Tony Shipley is on track to take on Democratic state Rep. Nathan Vaughn, who has garnered scores of Republican votes in previous elections.
KINGSPORT — Campaign donors flocked to a Ridgefields Country Club fund-raiser last Friday night for a likely 2008 Tennessee House candidate whose main challenge is getting voters from his own political party to come home.
Special guests on the fund-raiser invitation looked like a Who’s Who of Northeast Tennessee GOP politics — with U.S. Rep. David Davis, Lt. Gov. Ron Ramsey, House GOP Leader Jason Mumpower, state Rep. Jon Lundberg and former U.S. Rep. Bill Jenkins scheduled to attend.
They were there to talk up the exploratory campaign of Colonial Heights Republican Tony Shipley, who is currently on track to take on incumbent Democratic state Rep. Nathan Vaughn of Kingsport in Sullivan County’s 2nd House District.
With the general election nearly a year away, Shipley is already preparing for what could be a contentious political battle because Vaughn has garnered scores of Republican votes in previous elections.
In what is considered to be a district with more than 60 percent of GOP voters, Vaughn was unopposed in his 2006 re-election bid.
Shipley, a retired Air Force lieutenant colonel and Desert Storm veteran, is out to change that next year.
“It would take an act of God to prevent us at this point,” Shipley said of his anticipated 2008 election bid. “When people are encouraging you to run — and not just one or two but a community, and it’s been going on since 2006 ... having a career of service to the country, it’s hard for me to say no. ... The money and the issues are out there.”
Vaughn, a former Kingsport alderman and insurance agent who’s been in office since 2003, is far from being in a campaign mode right now.
“My job as an elected official is to work to help people and do the things that make a difference for the people I represent. I’ve got to be out there working,” Vaughn said. “I’ve got a whole (legislative) session that is left before campaigning starts for me. I’m going to be out there working for the people. What an opponent does is totally up to him.”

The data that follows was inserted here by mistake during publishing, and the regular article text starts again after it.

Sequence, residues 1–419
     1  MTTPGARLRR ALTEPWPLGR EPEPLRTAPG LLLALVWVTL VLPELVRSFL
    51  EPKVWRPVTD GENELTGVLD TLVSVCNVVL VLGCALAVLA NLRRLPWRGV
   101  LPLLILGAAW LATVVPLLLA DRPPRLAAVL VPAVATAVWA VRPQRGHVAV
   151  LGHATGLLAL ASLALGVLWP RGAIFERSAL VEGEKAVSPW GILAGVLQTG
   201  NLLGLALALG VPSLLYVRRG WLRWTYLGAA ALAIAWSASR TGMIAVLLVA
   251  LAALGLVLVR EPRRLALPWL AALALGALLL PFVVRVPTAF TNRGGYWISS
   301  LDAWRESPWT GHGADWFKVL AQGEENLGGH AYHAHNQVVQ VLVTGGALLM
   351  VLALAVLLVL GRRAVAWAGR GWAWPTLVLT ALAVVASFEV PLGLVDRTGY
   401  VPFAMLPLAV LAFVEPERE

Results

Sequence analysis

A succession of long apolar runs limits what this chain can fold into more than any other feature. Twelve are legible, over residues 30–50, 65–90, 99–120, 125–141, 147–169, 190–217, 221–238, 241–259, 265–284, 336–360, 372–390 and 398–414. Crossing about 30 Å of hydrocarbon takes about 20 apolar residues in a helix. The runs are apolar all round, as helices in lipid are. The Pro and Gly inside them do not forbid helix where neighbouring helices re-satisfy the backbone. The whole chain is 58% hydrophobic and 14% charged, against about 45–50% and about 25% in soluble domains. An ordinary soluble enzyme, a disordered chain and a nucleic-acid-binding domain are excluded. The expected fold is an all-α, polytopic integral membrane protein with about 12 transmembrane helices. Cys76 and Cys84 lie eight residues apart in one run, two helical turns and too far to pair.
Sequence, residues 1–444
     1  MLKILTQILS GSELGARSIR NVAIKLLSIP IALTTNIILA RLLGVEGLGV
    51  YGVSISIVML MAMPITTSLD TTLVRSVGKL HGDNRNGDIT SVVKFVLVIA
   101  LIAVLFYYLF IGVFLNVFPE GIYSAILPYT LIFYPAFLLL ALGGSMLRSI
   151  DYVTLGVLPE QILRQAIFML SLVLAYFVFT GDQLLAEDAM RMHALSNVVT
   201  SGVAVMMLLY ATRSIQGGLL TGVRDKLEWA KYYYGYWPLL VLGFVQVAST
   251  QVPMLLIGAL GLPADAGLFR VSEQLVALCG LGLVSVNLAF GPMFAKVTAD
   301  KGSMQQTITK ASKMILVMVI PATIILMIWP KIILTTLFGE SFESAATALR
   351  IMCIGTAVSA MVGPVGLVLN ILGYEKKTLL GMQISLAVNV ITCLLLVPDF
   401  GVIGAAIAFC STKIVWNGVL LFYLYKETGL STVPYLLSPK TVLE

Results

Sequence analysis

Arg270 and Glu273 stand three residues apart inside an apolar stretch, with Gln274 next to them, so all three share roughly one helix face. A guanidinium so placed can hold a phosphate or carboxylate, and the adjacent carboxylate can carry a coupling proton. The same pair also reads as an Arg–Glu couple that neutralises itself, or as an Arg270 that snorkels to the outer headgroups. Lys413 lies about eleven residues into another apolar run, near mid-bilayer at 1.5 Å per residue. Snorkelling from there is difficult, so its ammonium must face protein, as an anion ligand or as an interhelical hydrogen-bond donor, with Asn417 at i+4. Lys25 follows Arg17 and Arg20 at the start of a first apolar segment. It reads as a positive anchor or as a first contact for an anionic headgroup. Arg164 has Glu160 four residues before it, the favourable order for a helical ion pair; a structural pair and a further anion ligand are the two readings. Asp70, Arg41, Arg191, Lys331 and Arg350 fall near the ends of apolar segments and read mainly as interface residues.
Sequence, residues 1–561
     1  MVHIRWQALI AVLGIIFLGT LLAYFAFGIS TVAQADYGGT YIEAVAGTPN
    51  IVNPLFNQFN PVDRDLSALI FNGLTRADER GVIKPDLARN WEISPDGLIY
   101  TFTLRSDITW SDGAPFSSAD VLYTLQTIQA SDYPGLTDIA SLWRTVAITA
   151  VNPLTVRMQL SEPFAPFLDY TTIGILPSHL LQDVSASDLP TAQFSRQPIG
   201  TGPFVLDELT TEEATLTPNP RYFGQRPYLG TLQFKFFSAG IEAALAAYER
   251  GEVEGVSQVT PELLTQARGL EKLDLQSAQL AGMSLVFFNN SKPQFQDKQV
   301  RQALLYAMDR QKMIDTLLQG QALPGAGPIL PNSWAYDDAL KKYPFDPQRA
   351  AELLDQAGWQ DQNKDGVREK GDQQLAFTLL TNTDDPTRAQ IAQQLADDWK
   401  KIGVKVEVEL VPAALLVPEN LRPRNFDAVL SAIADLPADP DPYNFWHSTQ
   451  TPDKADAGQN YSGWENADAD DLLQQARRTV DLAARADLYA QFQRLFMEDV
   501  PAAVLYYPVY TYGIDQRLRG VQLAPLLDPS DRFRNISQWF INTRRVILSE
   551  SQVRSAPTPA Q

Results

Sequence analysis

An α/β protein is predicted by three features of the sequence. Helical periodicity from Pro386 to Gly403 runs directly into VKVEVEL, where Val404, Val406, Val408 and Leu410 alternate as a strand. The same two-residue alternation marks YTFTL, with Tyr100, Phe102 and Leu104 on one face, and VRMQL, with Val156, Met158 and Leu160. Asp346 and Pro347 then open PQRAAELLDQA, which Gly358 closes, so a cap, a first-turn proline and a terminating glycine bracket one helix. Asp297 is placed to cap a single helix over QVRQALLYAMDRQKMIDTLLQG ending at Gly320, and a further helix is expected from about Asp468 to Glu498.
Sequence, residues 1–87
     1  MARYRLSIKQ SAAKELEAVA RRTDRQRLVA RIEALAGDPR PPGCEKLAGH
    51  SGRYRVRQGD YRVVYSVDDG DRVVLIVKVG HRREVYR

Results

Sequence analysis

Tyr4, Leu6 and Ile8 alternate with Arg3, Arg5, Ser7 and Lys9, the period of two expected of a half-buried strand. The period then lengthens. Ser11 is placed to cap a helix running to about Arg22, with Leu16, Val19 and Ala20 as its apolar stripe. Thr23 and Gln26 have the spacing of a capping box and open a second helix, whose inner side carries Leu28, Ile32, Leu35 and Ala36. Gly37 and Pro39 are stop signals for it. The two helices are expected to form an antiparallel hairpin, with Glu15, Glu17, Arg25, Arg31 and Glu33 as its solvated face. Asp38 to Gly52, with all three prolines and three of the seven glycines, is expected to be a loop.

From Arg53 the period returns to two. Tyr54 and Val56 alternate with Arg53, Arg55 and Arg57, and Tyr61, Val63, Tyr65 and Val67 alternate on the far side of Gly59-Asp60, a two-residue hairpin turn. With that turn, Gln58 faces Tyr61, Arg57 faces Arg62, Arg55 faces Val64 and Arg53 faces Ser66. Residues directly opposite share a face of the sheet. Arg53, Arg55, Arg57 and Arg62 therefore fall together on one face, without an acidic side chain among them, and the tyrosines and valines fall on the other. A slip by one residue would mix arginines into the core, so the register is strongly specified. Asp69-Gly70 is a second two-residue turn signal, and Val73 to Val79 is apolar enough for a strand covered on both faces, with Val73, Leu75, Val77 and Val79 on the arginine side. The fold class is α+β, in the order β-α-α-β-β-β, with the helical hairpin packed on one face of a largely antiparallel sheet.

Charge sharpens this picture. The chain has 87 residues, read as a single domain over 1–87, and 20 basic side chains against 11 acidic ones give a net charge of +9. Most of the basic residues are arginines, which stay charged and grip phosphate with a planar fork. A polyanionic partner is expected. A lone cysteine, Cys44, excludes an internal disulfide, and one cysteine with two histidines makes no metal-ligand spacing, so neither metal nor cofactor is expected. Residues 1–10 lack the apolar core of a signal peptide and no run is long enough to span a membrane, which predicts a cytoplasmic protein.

Shipley, who formerly ran his own ambulance service company but now works for a geographic information systems firm, said his campaign will crank up after Tennessee’s Feb. 5, 2008, presidential primary.
“We’re going to keep our powder dry, so to speak, for a bit longer,” he said. “But after the presidential primary and beyond that, it’s time to start talking. ... We’re being deliberate in what we’re doing.”
While Vaughn may not be actively campaigning, he is regularly out talking to people. He’s made visits to schools to talk to kids about government. He went to the much-heralded grand opening of the new Crown Point Food City.
Vaughn is also on the phone often with constituents.
“I had a fellow from Colonial Heights call me, and he said ‘Nate, I’ve heard they are starting a campaign against you. The first thing I’d like to tell you is I’m a Republican ... but I was just trying to figure out — are you quitting?’” Vaughn said. “I said ‘No I’m not quitting. I’m out here working.’ He said ‘I support you because of the things you’ve done to make the lives of the people you represent better, and I’m going to get that word out to my friends.’ ... People don’t want folks campaigning all the time.
“We need to bring some civility to the political process in this country. If we don’t, we are going to tear it apart. ... That’s why I don’t play partisan politics.”
In November 2004, Republican ticket splitters apparently liked Vaughn’s nonpartisan approach. While district voters were picking GOP President George W. Bush over Democratic challenger John Kerry by a 2-to-1 margin, Vaughn lost only one precinct in defeating GOP challenger Neal Kerney by nearly 4,000 votes.
But those within the state and local Republican power structure think Shipley can win next year.
Mumpower, who needs to pick up four House seats to win a GOP majority in the Tennessee House, likes Shipley’s chances, especially if U.S. Sen. Hillary Rodham Clinton is at the top of the Democratic presidential ticket.
“If (Democrats) are supporting her at the local level ... then they are supporting what she believes in,” Mumpower said of Clinton at a Greater Kingsport Republican Women’s luncheon. “I don’t think people in the 2nd District of Kingsport believe that. Your neighbors need to realize that, and you need to help get that word out. The opportunity is here. The time is right.”